Madeline Choi reviews Joachim Trier’s beautifully told story of love, confusion, and understanding.
What a title. The Worst Person in the World. Immediately, it confronts us with an image of some kind of grand, narcissistic mirage: a reflection on the self-absorbed emotional rollercoaster of those periods of life where we seem to ‘come of age’. Joachim Trier delivers precisely that through the twelve chapters of his unconventional romantic comedy, a story which pulls on the heartstrings with immense reliability.
Independent, yet flawed female protagonists have recently become somewhat of a hallmark for coming-of-age stories, with glaringly evident comparisons to be made between this story and those told by writers and directors such as Sally Rooney and Greta Gerwig. Julie (Renate Reinsve), a twenty-something year old, is introduced to the audience as a top-ranked medical student who changes her studies to psychology, suddenly hit by the realisation that she is fascinated more by the mind than the body. But of course, this doesn’t last long, as she changes her career path once again, this time to photography. Her relationships in her twenties and thirties are filled with tribulations and mistakes. This information is thrown at the audience during the film’s prologue, portraying her as flighty, indecisive, smart but without long-term conviction; how does this set up anyone to root for Julie? More than anything, I would say, it’s the immense amount of genuine humanity that Julie possesses which saves Julie; it seeps through her unlikeability, not masking it, but making us see the person behind the character, Instead of following a linear growth model and falling into the perfect coming-of-age female archetype we see so often in these types of stories, Julie takes steps both forwards and back as she fails to combat all the conflicts thrown at her.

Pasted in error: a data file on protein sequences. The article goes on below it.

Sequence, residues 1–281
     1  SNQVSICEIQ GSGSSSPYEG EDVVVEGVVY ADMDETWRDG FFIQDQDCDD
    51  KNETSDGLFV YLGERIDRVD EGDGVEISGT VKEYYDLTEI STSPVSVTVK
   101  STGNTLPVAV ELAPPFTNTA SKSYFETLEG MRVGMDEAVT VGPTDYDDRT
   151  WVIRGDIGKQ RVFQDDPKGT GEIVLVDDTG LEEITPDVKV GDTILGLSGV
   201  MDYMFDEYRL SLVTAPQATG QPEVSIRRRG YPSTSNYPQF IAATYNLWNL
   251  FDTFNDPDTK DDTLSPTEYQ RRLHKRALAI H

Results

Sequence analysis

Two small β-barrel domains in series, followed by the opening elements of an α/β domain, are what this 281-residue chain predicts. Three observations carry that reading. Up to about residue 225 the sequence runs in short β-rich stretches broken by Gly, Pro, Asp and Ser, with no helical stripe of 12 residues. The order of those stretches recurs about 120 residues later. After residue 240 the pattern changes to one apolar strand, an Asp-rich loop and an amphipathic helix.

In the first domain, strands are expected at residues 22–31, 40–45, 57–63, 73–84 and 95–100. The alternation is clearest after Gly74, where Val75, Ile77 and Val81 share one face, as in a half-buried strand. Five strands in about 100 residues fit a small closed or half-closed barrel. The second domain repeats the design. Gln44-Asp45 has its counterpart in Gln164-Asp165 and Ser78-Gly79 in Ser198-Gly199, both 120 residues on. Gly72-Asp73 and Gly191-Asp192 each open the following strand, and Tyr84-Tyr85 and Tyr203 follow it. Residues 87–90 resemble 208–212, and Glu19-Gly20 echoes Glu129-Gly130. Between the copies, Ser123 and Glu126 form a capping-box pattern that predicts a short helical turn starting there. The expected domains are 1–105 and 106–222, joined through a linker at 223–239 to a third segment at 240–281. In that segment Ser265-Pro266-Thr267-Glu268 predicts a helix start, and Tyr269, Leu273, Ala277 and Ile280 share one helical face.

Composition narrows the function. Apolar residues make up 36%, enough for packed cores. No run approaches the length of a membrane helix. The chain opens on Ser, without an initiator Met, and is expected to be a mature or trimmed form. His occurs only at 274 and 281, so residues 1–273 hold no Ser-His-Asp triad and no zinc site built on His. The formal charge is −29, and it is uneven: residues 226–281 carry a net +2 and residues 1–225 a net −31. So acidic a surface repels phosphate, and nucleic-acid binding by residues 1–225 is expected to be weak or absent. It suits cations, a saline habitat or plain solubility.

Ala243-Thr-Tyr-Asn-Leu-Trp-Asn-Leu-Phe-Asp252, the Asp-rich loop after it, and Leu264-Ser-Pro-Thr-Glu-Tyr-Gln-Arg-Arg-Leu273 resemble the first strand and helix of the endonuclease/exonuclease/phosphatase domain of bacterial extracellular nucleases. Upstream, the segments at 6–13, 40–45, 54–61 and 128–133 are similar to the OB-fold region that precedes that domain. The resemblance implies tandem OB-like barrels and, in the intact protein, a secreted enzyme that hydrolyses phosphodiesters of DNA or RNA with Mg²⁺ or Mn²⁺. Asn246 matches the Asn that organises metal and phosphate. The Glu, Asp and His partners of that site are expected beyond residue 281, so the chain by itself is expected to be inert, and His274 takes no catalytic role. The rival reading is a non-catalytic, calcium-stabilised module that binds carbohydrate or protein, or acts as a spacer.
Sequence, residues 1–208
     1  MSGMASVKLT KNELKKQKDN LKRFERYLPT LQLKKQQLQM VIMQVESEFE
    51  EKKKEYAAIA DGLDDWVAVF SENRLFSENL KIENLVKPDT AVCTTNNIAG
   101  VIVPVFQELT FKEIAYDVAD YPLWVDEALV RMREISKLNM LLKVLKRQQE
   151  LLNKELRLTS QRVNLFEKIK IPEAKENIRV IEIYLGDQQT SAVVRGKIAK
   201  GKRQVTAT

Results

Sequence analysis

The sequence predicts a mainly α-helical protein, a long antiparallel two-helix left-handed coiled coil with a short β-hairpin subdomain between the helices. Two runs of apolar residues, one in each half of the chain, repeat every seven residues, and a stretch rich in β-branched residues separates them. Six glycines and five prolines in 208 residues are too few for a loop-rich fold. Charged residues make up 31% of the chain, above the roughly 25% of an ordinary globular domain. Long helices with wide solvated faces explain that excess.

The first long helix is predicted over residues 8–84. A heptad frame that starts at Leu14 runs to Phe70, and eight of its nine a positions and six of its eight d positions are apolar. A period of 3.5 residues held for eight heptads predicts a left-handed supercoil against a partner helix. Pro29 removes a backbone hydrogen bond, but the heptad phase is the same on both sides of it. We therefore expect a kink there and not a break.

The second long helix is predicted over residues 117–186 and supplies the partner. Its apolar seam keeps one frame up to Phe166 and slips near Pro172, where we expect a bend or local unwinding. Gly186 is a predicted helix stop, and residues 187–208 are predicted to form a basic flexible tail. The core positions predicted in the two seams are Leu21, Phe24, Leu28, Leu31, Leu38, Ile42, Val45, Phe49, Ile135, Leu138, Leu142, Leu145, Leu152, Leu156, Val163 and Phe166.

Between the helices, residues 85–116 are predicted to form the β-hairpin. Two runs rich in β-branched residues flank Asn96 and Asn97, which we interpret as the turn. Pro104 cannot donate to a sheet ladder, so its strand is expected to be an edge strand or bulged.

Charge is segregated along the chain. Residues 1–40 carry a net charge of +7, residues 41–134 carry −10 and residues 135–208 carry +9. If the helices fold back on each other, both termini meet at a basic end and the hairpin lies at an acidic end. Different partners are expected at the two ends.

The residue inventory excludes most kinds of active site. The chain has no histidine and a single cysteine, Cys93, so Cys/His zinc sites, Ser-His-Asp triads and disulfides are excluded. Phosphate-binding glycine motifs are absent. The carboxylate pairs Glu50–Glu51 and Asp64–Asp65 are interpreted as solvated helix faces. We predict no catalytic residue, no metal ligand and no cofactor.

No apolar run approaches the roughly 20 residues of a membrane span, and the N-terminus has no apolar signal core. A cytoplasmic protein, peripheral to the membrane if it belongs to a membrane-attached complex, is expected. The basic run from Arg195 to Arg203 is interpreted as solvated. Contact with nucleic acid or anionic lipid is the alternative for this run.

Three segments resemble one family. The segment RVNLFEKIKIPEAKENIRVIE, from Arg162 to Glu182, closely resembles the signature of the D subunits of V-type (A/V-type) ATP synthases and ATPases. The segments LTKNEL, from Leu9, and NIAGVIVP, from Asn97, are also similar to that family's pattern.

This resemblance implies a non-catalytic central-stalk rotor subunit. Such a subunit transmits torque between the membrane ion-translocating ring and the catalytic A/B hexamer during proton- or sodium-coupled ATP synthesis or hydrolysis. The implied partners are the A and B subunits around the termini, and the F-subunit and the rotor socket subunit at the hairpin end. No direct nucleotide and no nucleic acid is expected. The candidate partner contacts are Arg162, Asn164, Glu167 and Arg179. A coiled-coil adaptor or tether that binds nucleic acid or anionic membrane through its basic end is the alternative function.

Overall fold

“I feel like a spectator in my own life”, she confesses, exiting her first long-term relationship.